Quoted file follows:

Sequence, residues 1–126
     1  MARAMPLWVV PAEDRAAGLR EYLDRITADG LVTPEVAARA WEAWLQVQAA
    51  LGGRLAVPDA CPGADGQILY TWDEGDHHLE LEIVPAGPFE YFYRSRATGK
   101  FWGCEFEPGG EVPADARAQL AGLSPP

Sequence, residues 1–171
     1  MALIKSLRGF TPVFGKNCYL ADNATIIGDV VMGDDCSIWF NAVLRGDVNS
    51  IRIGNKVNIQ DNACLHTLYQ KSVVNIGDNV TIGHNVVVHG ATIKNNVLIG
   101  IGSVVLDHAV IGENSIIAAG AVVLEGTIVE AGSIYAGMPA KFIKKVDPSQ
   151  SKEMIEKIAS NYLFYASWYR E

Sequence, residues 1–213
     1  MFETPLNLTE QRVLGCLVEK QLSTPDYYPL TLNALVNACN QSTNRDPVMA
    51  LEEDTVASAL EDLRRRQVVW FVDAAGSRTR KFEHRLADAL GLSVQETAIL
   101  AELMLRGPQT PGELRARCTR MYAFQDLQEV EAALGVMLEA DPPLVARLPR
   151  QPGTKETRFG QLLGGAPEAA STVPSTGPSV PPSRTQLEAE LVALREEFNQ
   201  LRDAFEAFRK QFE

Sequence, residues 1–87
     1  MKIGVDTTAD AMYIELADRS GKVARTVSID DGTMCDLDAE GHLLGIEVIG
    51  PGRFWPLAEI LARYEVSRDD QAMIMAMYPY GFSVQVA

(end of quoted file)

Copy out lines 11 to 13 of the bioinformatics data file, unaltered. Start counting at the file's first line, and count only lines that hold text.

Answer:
     1  MFETPLNLTE QRVLGCLVEK QLSTPDYYPL TLNALVNACN QSTNRDPVMA
    51  LEEDTVASAL EDLRRRQVVW FVDAAGSRTR KFEHRLADAL GLSVQETAIL
   101  AELMLRGPQT PGELRARCTR MYAFQDLQEV EAALGVMLEA DPPLVARLPR